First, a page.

Monday, May 14, 2012

Changing Shapes and Saddle Fit (with Interesting Links)

Over the past several weeks, I've noticed that my saddle - a Kieffer dressage saddle - no longer was fitting either Dawn or Pie correctly - it was nosing down slightly in front and the back was tending to come up.  And this was when using the same dressage pad, with the Mattes pad with two foam inserts in each front pocket, that I'd been using with both of them all along.  (The saddle had been reflocked for Red, who is the broadest of the three through the shoulders, but had fit both Dawn and Pie well with the Mattes pad.)  Hmmm . . . It fit Dawn fine when she was at her thinnest, so it wasn't weight loss that was the issue with either of them.

And another piece of the puzzle . . .  I'd had a number of good conversations with Dave Ganadek, the About the Horse saddle maker.  I'd sent him photos and tracings of Red and Pie, and his advice was to go with the #1 tree - all the angles were correct.  This is the tree size of the saddle I recently bought used for Pie, and it fits him very well.  He did say that correct work would change Red's shape in a way that would result in a good fit with the #1 tree.  The only issue we noted for Red was that there is a bulge of muscle just behind the top of his scapula (shoulder bone) just below the wither - this makes saddle fit difficult, since just behind the bulge is a hollow.

Here's what I think is going on with Dawn and Pie - likely with Red as well since he was measured although I haven't tried riding him in my dressage saddle recently.  All three horses originally had a tendency to travel inverted through the head and neck, and all three had the "bulges".  Dawn would obviously brace through her head and neck, even when her face was vertical and someone might think she was "on the bit", or would fall on her forehand and invert through her back when her face was behind the vertical (this is the reason over-flexing and rollkur are so detrimental to the proper muscular development of the horse).  Pie was very inverted - he had an upside down curve to the top line of his neck, an obvious dip in front of his withers, and more muscling on the bottom of his neck than the top.  Red could mimic softness very well, with a beautifully arched neck, but he was braced just in front of the withers and hollow through his back.  Our work with Heather has resulted in big physical changes in Pie and Red, and Dawn and I have been on the same track.  What I think is happening, is that all three horses are in the process of changing shape as a result of correct work along the road of self-carriage, which means the saddle no longer fit.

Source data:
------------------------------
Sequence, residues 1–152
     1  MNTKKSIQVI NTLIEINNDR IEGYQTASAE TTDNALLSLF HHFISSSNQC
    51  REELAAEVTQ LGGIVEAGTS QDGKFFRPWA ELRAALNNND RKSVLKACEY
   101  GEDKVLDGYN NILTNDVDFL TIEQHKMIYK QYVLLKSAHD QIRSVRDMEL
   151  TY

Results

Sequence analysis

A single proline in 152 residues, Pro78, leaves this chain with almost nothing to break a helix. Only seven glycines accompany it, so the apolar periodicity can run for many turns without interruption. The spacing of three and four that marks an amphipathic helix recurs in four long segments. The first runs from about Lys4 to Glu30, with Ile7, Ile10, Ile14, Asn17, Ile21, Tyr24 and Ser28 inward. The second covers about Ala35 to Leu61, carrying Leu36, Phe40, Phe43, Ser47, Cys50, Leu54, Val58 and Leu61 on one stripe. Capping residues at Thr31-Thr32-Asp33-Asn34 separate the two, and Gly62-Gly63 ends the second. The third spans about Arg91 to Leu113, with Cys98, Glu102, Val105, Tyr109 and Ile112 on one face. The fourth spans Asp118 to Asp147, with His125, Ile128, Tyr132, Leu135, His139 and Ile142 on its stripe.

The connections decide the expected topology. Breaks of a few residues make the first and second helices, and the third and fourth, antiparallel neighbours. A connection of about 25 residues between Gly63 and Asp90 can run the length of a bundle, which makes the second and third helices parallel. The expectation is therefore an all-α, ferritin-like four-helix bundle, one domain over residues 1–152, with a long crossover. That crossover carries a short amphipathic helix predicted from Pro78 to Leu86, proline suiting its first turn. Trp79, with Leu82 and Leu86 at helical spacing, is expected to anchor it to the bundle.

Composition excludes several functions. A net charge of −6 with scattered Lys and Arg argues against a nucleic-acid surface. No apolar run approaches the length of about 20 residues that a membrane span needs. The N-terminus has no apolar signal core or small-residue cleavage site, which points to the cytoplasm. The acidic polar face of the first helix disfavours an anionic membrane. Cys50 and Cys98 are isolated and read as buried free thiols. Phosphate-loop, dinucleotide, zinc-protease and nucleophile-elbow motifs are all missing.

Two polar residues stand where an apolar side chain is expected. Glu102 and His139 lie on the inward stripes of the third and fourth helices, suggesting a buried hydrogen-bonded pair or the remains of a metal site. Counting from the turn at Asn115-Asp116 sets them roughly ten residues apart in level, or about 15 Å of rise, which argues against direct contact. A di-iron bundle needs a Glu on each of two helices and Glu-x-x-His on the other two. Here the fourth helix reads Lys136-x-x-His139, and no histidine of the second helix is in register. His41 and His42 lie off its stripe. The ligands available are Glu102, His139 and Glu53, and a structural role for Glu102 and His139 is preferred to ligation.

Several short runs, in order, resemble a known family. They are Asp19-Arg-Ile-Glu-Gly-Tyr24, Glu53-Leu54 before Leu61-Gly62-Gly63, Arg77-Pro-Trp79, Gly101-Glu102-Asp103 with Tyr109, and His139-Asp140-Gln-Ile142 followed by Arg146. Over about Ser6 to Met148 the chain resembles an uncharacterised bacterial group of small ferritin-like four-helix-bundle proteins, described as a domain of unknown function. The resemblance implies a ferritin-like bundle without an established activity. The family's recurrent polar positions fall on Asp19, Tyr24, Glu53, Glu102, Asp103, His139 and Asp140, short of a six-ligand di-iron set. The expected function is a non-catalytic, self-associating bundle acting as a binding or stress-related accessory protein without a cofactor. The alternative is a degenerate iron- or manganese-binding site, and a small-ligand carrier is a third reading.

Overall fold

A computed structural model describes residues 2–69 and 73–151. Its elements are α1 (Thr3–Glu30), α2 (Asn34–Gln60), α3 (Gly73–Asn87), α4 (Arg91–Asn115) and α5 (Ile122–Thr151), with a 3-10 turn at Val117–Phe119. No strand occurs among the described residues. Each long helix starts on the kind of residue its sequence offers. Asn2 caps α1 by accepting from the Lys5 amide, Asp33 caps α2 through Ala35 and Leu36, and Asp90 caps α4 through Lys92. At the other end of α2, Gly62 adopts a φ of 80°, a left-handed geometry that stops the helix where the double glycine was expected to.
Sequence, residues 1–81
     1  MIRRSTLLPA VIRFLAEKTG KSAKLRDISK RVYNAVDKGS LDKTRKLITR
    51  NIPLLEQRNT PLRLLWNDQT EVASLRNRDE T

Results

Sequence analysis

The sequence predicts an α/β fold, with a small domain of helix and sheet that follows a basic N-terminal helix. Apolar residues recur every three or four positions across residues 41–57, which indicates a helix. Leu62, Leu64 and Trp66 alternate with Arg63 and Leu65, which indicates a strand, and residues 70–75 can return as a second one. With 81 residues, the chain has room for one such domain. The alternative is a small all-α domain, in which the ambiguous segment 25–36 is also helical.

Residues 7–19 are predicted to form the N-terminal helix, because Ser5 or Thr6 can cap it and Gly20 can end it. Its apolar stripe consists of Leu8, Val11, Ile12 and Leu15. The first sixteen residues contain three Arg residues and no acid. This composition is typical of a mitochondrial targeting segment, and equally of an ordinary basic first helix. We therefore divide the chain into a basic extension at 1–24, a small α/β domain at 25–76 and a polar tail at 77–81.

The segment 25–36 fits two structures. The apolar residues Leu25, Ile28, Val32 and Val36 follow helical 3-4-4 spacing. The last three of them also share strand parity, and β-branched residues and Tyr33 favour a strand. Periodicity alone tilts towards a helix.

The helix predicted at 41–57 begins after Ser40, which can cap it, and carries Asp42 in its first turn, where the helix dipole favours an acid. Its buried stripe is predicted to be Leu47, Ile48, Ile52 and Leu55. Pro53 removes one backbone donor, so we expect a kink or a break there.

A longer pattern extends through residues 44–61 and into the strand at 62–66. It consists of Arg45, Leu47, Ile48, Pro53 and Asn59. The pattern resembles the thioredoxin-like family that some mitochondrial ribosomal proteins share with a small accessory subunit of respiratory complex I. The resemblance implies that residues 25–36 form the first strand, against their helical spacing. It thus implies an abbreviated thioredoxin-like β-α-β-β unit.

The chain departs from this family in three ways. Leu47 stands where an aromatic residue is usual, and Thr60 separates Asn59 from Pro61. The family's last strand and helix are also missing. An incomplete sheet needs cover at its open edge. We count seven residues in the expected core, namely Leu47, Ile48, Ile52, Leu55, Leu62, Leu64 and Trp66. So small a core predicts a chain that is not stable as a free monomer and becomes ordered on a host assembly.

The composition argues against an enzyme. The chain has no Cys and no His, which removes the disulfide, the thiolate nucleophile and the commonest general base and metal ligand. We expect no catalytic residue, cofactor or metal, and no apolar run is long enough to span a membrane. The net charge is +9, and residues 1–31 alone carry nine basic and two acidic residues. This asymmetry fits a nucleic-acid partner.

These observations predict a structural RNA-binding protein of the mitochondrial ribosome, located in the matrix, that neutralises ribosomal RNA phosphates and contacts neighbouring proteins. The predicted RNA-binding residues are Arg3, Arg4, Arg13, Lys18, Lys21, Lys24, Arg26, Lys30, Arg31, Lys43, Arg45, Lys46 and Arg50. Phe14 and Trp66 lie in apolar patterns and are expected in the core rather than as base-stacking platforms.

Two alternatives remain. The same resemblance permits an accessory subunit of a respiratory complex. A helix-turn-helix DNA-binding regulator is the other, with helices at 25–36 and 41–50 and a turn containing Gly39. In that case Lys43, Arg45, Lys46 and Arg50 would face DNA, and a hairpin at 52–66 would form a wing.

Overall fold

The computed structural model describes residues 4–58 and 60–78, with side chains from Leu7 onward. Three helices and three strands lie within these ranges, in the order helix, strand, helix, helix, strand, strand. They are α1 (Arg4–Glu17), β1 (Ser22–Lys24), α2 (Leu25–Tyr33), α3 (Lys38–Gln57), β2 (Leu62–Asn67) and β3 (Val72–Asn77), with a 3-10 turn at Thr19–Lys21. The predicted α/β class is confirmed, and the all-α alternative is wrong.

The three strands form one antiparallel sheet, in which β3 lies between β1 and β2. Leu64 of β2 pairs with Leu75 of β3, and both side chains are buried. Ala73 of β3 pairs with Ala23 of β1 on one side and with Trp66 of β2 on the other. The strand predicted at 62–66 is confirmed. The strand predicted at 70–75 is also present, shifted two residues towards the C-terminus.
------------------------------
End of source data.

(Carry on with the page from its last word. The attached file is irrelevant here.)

That lump of muscle just behind the top of the shoulder and below the wither?  Take a look at this picture of the deep (not surface) muscles supporting the neck - it's a particularly useful picture since the horse's neck is inverted: